Sir Gawain and the Green Knight

Sir Gawain and the Green Knight

by Simon Armitage

Paperback(A New Verse Translation)

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Product Details

ISBN-13: 9780393334159
Publisher: Norton, W. W. & Company, Inc.
Publication date: 11/17/2008
Edition description: A New Verse Translation
Pages: 208
Sales rank: 54,232
Product dimensions: 5.50(w) x 8.20(h) x 0.60(d)

About the Author

Simon Armitage is the award-winning poet and translator of both Sir Gawain and the Green Knight and The Death of King Arthur, as well as several works of poetry, prose, and drama. He is the Oxford Professor of Poetry.

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Sir Gawain and the Green Knight: A New Verse Translation 4 out of 5 based on 0 ratings. 6 reviews.
Osbaldistone on LibraryThing 2 days ago
I read W.S. Merwin's 2002 verse translation of this medieval poem, and so thoroughly enjoyed his rendering that I flagged it to read again. However, I heard good things about Armitage's translation, so bought it to add to my library. Figuring I'd read it someday, I flipped to the first page of the translation to see what it was like, and was immediately pulled into the narrative by the now familiar setup combined with Armitage's rich and accessible style. Being at work, I had to put it down, but I was reading it at home that night after everyone else was in bed.The story is marvelous (in more ways than one), but a side-by-side translation would be preferred. Armitage strikes a gentle balance between contemporary, accessible verse and keeping the otherworldly feel of the original. I say 'otherworldly' in reference to how far removed we are from the time and culture in which the original was written. Armitage emulates the beat (and off-beats) of the original. He also uses alliteration much as in the original, and this added layer contributes much to the power of the text.This story of chivalry, loyalty, fear, faith, doubt, and duty has a lot to say to our world. As with the Bible, a new and faithful translation can open up previously un-seen or unappreciated windows onto the landscape of a story. Armitage has added a new voice to an ancient tale, and I highly recommend it.Os.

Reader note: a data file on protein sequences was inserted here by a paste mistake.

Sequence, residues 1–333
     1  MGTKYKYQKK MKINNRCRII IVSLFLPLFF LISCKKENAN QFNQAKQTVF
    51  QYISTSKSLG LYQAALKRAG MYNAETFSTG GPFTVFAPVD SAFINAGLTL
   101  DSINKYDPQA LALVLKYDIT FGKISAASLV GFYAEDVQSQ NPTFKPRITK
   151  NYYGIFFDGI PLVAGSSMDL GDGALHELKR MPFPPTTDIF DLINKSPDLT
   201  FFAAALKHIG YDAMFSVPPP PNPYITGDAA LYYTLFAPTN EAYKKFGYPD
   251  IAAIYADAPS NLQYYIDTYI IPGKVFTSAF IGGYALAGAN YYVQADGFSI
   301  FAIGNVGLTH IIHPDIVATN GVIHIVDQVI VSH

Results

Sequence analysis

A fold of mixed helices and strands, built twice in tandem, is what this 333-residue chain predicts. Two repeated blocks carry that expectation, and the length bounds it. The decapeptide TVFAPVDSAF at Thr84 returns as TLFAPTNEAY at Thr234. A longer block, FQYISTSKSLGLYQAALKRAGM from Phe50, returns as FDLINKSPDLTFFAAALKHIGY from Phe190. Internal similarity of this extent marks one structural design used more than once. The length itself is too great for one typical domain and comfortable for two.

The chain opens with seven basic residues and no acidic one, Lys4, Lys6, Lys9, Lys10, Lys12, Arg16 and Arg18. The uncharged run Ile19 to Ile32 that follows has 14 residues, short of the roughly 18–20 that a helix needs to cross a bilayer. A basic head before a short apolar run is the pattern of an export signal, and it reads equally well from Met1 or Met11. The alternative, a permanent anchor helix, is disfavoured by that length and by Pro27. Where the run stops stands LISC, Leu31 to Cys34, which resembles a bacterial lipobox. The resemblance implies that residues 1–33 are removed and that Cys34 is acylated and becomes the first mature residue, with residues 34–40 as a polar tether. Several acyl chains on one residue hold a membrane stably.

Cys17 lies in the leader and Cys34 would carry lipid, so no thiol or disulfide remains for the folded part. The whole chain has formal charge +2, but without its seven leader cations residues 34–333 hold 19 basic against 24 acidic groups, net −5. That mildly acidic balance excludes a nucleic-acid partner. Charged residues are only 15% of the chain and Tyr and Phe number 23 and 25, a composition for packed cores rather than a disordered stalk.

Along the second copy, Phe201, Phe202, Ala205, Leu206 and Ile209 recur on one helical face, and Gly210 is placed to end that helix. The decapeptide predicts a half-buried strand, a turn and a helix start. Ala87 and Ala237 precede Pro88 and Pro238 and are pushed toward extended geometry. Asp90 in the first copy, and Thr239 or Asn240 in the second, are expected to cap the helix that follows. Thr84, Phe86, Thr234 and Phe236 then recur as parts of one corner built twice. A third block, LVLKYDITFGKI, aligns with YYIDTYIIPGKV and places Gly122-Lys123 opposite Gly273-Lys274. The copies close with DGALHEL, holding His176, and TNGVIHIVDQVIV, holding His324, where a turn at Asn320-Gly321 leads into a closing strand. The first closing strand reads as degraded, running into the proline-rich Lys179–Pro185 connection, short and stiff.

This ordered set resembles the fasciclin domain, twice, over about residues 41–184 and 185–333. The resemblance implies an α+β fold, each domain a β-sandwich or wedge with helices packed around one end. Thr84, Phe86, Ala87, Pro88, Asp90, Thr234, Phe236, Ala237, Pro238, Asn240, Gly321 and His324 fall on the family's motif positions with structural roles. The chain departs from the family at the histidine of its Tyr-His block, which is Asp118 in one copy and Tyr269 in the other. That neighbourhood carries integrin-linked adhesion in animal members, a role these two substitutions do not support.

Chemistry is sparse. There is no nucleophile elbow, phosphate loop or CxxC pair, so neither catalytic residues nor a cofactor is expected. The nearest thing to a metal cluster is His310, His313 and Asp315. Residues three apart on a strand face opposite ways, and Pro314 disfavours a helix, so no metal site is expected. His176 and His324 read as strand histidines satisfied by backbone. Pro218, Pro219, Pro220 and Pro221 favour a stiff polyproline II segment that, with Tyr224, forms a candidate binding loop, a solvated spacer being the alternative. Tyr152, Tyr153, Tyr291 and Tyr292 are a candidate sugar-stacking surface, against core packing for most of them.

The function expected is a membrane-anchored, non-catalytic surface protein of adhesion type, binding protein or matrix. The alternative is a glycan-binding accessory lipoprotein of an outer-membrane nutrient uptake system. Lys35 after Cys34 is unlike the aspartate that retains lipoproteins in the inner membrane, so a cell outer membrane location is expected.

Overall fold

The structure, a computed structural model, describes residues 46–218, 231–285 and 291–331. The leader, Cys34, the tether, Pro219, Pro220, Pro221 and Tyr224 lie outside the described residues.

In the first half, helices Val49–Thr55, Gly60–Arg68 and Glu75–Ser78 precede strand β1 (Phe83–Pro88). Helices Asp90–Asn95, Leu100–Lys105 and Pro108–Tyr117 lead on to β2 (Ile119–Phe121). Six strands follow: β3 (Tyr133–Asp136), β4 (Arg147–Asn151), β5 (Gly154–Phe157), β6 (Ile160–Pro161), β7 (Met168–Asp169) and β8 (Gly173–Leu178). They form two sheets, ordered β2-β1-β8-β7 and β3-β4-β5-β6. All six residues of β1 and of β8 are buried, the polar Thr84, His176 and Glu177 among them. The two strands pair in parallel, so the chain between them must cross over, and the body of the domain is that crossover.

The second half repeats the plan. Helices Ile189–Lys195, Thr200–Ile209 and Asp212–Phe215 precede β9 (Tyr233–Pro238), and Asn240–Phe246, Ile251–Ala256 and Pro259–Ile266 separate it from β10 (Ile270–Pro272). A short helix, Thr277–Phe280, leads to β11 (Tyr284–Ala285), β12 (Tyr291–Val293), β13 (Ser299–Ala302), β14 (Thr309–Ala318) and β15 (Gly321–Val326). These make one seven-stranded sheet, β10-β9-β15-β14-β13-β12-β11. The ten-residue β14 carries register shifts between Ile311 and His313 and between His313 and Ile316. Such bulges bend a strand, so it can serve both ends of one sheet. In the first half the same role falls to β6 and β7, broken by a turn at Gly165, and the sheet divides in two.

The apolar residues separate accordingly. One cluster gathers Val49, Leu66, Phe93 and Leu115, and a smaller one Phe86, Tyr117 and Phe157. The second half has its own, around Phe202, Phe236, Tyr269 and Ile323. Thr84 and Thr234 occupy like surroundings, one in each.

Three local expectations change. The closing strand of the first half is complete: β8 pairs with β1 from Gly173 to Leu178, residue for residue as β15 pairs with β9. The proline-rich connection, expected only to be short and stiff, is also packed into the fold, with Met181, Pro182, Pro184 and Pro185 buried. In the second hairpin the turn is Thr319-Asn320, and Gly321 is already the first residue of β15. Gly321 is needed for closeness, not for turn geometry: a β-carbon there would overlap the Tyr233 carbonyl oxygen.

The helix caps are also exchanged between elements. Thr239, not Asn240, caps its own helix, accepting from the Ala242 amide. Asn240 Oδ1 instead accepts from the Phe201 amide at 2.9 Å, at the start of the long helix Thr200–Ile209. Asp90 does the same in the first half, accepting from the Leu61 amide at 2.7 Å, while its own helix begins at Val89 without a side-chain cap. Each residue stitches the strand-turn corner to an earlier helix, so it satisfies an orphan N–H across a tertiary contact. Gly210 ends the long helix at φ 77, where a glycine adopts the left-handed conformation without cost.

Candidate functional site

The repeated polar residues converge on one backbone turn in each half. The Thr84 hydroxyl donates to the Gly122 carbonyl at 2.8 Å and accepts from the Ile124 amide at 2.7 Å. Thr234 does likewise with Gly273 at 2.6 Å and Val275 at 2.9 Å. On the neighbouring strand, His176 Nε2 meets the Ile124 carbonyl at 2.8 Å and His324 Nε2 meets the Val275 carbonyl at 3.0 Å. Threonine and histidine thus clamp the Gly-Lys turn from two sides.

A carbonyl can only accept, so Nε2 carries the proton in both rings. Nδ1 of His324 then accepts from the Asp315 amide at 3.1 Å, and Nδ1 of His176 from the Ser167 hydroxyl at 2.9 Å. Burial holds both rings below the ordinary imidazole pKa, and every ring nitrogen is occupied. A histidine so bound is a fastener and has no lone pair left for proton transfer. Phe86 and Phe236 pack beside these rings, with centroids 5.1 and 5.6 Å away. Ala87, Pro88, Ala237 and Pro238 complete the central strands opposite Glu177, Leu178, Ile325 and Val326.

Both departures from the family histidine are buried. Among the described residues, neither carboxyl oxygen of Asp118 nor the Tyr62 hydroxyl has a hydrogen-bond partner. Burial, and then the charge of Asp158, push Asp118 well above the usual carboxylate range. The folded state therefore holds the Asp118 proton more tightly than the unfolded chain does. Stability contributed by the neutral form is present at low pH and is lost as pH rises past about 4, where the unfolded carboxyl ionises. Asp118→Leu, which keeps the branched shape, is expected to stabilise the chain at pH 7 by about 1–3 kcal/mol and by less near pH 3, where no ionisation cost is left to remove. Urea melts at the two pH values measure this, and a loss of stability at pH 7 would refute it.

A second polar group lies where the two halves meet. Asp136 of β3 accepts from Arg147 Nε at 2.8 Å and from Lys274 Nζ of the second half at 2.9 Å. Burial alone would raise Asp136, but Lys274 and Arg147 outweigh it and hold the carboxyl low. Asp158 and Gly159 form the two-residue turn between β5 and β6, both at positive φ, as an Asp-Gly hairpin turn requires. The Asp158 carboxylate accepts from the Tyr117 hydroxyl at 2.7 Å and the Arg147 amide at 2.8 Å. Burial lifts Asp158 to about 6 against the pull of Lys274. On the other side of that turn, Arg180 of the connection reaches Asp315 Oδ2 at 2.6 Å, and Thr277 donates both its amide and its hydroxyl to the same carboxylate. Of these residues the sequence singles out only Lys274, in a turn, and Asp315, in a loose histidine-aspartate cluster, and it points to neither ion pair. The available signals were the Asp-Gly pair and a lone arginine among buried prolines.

mdtwilighter on LibraryThing 4 days ago
A great translation- I thought the endnotes were especially helpful. I had to read the book for English, but it made me interested in the genre as a whole. I want to read more now about Arthur and Camelot. I never realized that there were these intricate stories that went deeper into the legend of King Arthur.
Anonymous More than 1 year ago
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believe_in_miracles More than 1 year ago
This is a legendary story with a world of meaning applicable to any generation. As in any knightly adventure, there is a challenge and a quest, and in that, there is suspense to spare. Foremost, however, among the strengths of this story is the allegory of life. Gawain, the young nephew of King Arthur, takes on a quest, knowing that his only right to do so is that he is a relative of the king. In his own strength, he faces death, knowing that he, unlike his opponent, the Green Knight, will not pick up his head from the ground and walk away. Yet, his sense of honor to his king will not allow him to miss his pledged meeting with the Green Knight. While his moment of encounter is admirable, he has, at this point, kept a magic girdle, given to him by the wife of a kind lord who allows Gawain to stay at his castle while he is on his quest. The girdle has the power to save Gawain's life. This added element brings his honor into question, but, thankfully, the story does not end there. The confrontation with the Green Knight is a lesson learned in confession, repentance, and restoration as Gawain is faced with the reality of who he is and who he can be. The green girdle, at the end, is no longer a mark of shame, but a mark of honor. Readers will surely identify with the young Gawain, who faces a grave sin for a knight, but in facing it, moves beyond it to a life of true honor.
Anonymous More than 1 year ago
I decided to get the "sample" to get a feel for how it reads... A seven page sample; one page is the cover, one title page, one table of contents page, and four pages of the introduction...this all helped not a bit. I have over 4200 books in my nook, and this is the first sample I have tried, glad I did not do it earlier. Sorry, cannot review, but the cover looks nice, can we judge a book by the cover perchance ?